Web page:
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Waiting for a Miracle

A new study finds that religious people with community support pursue more aggressive end-of-life treatment to delay death despite seeing no improvement in quality of life.


People with advanced cancer tend to get more aggressive care at the end of life and spend more time in the intensive care unit if they receive spiritual support from their religious communities, according to a new study.

The report's lead researcher said that finding was "quite the opposite" of what her team was expecting—in part because of evidence that spiritual support coming from within a patient's medical team leads to less aggressive care and more use of hospice.

In the new study, spiritual patients who reported high levels of support from their religious communities were two to three times more likely to receive aggressive end-of-life treatment than those who got less support. However, spiritual support from doctors, nurses, and chaplains was tied to a 77-percent drop in aggressive interventions, consistent with past research.

Aggressive care and ICU deaths were both significantly less common when cancer patients were spiritually supported by their medical team.

"The spiritual supporters that are integrated into the medical team, knowing the diagnosis of the patient and where things are, are much more able to see the bigger picture of where someone's illness is heading," said Dr. Tracy Balboni, from the Dana-Farber Cancer Institute in Boston.

She told Reuters Health the new findings point to a need for more collaboration between religious communities and medical teams—so a patient's religious supporters understand the "medical realities" of terminal cancer. "Where there is that better collaboration and communication, that increase in aggressive interventions at life's end is no longer seen," Balboni explained.

Her team surveyed 343 patients with terminal cancer at seven hospitals in New England and Texas, analyzed their medical records before and after their deaths, and interviewed caregivers about patients' quality of life in their final days. Almost all patients reported a religious affiliation, most commonly Catholic, Protestant, or Baptist.

Among patients who said they received little or no spiritual support from religious communities, about 11 percent underwent aggressive medical interventions at the end of life—such as cardiopulmonary resuscitation or being put on a ventilator. That compared to more than 16 percent of those with high spiritual support who had aggressive measures taken to prolong their lives. Likewise, less than four percent of people receiving little support from religious communities died in the ICU instead of at home, for example, compared to 12 percent with high religious-based spiritual support.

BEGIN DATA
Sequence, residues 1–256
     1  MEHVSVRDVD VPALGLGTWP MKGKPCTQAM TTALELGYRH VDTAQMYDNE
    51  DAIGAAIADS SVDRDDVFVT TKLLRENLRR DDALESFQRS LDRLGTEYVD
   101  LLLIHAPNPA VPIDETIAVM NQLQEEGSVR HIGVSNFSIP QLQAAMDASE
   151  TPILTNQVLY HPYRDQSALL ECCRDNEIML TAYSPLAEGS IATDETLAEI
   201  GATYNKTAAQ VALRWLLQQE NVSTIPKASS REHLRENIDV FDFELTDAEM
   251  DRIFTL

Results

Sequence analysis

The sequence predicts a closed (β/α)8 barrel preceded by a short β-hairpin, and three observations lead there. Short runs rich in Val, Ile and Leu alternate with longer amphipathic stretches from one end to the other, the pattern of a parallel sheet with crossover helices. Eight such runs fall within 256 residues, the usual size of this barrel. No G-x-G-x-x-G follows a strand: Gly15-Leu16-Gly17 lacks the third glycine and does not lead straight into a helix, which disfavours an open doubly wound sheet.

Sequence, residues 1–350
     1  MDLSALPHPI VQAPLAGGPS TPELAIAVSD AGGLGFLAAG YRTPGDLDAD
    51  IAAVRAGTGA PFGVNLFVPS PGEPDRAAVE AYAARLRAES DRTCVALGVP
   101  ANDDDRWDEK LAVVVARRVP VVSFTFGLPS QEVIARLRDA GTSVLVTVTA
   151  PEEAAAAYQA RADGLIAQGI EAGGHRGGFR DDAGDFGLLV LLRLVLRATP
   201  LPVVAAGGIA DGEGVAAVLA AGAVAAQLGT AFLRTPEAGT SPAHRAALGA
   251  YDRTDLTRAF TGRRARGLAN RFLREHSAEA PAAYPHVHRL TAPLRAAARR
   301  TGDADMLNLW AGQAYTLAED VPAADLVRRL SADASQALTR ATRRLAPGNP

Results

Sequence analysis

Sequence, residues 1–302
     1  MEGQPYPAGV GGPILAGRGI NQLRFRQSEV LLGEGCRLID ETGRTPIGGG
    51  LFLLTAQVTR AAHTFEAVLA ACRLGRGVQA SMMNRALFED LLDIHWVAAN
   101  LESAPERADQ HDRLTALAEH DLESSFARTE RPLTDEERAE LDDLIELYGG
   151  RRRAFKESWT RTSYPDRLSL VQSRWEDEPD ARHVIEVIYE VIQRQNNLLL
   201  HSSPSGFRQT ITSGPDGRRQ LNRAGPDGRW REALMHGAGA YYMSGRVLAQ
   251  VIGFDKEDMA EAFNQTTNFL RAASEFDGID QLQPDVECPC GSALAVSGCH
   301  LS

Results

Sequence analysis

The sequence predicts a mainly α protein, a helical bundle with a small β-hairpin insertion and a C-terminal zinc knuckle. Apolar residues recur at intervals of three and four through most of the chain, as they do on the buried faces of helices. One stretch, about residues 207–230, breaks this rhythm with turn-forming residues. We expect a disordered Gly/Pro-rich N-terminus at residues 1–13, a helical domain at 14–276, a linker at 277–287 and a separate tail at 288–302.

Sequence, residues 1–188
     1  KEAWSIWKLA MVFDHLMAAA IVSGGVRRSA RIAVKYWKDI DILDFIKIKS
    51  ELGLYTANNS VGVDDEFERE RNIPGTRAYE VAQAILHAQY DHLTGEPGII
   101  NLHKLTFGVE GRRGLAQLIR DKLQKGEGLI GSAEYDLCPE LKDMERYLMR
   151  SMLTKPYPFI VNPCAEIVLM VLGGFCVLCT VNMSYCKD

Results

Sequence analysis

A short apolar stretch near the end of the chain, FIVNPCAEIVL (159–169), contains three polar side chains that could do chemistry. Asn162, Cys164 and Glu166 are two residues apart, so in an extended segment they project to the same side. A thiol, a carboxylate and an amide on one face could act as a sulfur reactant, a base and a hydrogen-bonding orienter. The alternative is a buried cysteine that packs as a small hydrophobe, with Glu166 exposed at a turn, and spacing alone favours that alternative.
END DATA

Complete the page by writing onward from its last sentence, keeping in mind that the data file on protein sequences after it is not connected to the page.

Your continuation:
In contrast, aggressive care and ICU deaths were both significantly less common when cancer patients were spiritually supported by their medical team, the researchers reported this week in JAMA Internal Medicine. Religious community support was not tied to a better quality of life near death.

"I really think (the study) speaks to the type of information that medical providers would be giving to patients and the type of information that the religious leaders don't have, certainly," said Allison Applebaum, a clinical psychologist at Memorial Sloan-Kettering Cancer Center in New York.

Still, she told Reuters Health that doctors have to acknowledge how important religious ties are for many patients, including in the way they see their disease. "If that is the case, it makes absolute sense and it's important to involve their religious guides at end of life," said Applebaum, who wasn't involved in the new study. What's most crucial, she said, is talking about what treatment—and how much—a patient wants at the end of life early on, when the patient is stable and able to make that decision. Both patients and their families can benefit from being on the same page about prognosis and options, she added.

Balboni said that if patients want all measures taken at the end of life, that's okay and doctors should care for them in accordance with their values. But being religious doesn't have to mean always pursuing the most aggressive treatment possible and hoping for a miracle, she added. "I think there are also times when it is placing things in God's hands to let aggressive medical technologies go and pursue care that's focused on supporting patients' quality of life and symptoms and focus more on spiritually supporting them and their families," she said.